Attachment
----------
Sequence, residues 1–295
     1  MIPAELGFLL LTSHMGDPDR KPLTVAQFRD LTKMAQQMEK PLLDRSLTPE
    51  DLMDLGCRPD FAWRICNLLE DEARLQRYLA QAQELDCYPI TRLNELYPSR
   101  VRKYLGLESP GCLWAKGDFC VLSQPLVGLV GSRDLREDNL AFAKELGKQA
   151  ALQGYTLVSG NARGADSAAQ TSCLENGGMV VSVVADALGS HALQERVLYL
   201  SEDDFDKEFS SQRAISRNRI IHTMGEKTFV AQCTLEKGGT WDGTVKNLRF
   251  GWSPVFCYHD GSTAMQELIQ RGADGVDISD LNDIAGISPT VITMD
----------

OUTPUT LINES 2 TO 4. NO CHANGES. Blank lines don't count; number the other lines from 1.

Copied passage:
     1  MIPAELGFLL LTSHMGDPDR KPLTVAQFRD LTKMAQQMEK PLLDRSLTPE
    51  DLMDLGCRPD FAWRICNLLE DEARLQRYLA QAQELDCYPI TRLNELYPSR
   101  VRKYLGLESP GCLWAKGDFC VLSQPLVGLV GSRDLREDNL AFAKELGKQA